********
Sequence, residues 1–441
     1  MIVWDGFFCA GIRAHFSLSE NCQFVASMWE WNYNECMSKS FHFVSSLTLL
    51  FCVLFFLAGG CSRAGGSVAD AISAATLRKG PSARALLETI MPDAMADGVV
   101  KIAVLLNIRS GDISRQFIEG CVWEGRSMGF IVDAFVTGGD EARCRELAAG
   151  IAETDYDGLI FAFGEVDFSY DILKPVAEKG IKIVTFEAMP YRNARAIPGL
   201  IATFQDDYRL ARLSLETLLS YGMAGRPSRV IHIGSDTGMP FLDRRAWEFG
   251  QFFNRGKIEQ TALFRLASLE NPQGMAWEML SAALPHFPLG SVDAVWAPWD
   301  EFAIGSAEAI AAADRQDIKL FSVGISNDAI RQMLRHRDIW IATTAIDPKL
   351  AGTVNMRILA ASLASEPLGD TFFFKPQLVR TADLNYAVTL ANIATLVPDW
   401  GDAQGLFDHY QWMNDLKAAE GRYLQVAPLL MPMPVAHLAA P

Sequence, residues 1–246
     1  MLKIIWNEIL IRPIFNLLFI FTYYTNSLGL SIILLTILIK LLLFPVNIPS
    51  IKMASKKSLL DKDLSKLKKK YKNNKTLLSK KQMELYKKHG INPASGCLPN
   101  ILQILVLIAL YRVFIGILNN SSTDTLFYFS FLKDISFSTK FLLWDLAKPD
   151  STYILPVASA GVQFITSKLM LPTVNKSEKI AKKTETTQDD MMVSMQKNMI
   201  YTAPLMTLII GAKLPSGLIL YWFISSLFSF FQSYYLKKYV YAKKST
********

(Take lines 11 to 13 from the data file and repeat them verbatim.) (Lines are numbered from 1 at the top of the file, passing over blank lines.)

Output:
Sequence, residues 1–246
     1  MLKIIWNEIL IRPIFNLLFI FTYYTNSLGL SIILLTILIK LLLFPVNIPS
    51  IKMASKKSLL DKDLSKLKKK YKNNKTLLSK KQMELYKKHG INPASGCLPN